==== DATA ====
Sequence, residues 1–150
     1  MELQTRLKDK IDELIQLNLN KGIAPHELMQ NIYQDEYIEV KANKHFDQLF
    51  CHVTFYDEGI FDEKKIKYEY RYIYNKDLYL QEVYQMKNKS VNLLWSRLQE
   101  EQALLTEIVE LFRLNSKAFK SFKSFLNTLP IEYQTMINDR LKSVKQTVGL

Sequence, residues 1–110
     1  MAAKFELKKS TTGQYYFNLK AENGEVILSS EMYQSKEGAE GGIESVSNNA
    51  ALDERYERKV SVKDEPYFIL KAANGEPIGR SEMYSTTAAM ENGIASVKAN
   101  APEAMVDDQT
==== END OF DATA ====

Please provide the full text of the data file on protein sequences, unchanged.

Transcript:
Sequence, residues 1–150
     1  MELQTRLKDK IDELIQLNLN KGIAPHELMQ NIYQDEYIEV KANKHFDQLF
    51  CHVTFYDEGI FDEKKIKYEY RYIYNKDLYL QEVYQMKNKS VNLLWSRLQE
   101  EQALLTEIVE LFRLNSKAFK SFKSFLNTLP IEYQTMINDR LKSVKQTVGL

Sequence, residues 1–110
     1  MAAKFELKKS TTGQYYFNLK AENGEVILSS EMYQSKEGAE GGIESVSNNA
    51  ALDERYERKV SVKDEPYFIL KAANGEPIGR SEMYSTTAAM ENGIASVKAN
   101  APEAMVDDQT